4 years ago

Conditional Network Assembly and Targeted Protein Retention via Environmentally Responsive, Engineered β-Roll Peptides

Conditional Network Assembly and Targeted Protein Retention via Environmentally Responsive, Engineered β-Roll Peptides
Scott Banta, Sarah J. Yang, Beyza Bulutoglu
Stimulus-responsive biomaterials have applications in many areas of biotechnology, such as tissue engineering, drug delivery, and bioelectrocatalysis. The intrinsically disordered repeat-in-toxin (RTX) domain is a conformationally dynamic peptide that gains β-roll secondary structure when bound to calcium ions. A smart hydrogel platform was constructed by genetically fusing two rationally designed mutant RTX domains: first, a mutant peptide with hydrophobic interfaces capable of calcium-dependent network assembly, and second, another mutant that conditionally binds the model target protein lysozyme. In this way, the calcium-induced control over the secondary structure of the β-roll peptide was exploited to regulate both the cross-linking and lysozyme-binding functionalities. The constructed biomaterial exhibited calcium-dependent gelation and target molecule retention, and erosion experiments showed that β-roll peptides with a higher affinity for lysozyme produced more robust hydrogel networks. This work demonstrates the use of RTX domains for introducing two useful features simultaneously, network cross-linking and target protein binding, and that the calcium-dependent regulation of these systems can be useful for controlling bulk self-assembly and controlled release capabilities.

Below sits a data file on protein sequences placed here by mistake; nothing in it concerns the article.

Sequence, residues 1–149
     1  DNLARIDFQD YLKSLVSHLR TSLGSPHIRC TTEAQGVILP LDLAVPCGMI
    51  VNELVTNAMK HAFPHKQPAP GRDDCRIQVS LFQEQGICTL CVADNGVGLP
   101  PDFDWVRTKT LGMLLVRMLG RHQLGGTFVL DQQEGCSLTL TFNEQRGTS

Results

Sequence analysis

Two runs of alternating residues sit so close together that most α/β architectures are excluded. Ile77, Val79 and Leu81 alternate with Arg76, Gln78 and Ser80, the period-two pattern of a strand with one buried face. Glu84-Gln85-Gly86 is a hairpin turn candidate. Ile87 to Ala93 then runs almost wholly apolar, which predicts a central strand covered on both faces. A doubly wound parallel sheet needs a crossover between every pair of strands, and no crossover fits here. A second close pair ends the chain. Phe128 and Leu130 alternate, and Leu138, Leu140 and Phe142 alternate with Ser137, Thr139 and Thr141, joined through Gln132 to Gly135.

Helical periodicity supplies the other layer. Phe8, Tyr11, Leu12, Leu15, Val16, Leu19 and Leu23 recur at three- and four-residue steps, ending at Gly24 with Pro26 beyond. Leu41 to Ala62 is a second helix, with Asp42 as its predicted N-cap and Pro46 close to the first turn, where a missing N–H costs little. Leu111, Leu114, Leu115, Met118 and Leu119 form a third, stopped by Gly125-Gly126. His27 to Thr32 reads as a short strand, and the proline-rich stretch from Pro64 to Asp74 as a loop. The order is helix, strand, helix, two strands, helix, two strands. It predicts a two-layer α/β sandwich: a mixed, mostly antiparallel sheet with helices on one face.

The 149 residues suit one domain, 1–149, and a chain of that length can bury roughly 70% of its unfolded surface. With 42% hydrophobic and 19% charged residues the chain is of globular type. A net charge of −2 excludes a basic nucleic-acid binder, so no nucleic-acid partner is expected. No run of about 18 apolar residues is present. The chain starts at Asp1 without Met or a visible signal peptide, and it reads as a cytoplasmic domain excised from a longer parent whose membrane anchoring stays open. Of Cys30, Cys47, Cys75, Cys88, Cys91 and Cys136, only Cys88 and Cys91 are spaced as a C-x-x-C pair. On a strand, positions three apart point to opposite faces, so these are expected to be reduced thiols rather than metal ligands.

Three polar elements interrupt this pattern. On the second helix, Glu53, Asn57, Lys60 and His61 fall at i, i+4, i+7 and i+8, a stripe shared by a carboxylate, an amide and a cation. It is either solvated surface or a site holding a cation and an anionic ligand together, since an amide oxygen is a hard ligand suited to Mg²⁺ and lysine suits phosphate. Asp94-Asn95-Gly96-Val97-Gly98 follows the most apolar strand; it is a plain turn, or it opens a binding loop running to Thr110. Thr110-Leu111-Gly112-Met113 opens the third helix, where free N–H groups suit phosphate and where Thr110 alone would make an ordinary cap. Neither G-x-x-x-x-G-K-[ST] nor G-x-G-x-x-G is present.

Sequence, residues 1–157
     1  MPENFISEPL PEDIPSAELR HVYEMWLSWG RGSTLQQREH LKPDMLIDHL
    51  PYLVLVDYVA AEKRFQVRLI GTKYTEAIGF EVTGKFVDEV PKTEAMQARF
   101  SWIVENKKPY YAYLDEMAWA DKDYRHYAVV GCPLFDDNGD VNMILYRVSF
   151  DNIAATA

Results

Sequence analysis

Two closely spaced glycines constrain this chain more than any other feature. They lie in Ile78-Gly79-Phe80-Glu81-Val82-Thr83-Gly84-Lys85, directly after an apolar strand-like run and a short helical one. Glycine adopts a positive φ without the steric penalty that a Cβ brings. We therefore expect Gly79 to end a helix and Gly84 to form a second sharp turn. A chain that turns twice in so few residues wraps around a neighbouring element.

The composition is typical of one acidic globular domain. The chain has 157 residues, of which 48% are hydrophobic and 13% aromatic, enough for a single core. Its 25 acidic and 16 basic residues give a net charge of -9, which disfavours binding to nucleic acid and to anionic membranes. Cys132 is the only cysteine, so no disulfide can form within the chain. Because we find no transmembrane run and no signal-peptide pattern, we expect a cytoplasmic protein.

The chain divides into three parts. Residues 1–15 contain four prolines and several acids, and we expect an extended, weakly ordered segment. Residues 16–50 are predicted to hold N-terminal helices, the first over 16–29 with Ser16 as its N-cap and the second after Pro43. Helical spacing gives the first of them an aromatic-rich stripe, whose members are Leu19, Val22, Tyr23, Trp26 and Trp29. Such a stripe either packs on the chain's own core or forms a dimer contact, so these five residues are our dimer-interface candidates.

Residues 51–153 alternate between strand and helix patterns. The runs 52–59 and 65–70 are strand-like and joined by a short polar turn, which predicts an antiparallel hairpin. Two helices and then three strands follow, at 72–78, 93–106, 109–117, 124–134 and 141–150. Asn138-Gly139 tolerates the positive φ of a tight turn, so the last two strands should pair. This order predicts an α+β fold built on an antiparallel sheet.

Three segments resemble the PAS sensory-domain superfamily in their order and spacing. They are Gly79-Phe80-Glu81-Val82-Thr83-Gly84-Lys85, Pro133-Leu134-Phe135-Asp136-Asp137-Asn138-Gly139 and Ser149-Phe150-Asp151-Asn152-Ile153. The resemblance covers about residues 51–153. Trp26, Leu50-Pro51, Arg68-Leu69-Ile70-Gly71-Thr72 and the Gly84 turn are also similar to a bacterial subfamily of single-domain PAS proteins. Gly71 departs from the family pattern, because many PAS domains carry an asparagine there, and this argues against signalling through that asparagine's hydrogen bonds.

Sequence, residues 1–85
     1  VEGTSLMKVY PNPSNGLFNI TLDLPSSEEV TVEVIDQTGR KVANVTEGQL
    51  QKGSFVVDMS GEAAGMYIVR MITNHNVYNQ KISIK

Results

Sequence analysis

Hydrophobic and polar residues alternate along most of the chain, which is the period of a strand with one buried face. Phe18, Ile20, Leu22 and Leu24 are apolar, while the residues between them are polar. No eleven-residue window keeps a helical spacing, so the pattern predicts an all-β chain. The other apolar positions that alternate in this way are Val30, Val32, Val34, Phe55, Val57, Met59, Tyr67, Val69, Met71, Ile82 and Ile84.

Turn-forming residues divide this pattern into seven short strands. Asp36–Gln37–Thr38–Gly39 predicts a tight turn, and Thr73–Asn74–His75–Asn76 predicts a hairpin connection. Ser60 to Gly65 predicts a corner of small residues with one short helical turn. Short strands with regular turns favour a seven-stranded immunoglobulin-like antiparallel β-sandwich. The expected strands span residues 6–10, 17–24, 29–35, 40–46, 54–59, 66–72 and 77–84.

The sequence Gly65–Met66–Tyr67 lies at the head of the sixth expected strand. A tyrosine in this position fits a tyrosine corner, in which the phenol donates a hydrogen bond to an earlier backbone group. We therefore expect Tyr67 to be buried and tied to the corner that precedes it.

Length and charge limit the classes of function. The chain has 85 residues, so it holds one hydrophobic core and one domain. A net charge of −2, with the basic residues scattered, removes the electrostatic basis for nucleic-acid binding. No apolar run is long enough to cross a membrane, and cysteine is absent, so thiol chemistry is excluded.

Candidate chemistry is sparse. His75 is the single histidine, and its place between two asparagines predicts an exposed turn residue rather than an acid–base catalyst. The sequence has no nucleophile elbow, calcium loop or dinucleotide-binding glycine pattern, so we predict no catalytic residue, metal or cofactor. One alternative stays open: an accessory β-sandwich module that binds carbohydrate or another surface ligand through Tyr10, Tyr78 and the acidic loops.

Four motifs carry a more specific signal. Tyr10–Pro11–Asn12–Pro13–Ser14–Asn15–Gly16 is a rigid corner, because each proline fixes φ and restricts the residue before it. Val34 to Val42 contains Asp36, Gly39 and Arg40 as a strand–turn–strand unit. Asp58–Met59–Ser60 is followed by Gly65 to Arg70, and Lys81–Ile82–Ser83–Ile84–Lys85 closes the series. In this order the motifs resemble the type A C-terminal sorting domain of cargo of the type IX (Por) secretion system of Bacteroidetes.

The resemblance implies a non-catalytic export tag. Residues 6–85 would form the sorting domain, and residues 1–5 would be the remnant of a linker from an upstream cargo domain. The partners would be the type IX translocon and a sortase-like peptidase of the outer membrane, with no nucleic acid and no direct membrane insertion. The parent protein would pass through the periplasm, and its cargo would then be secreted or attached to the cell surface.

Publisher URL: http://dx.doi.org/10.1021/acs.biomac.7b00457

DOI: 10.1021/acs.biomac.7b00457

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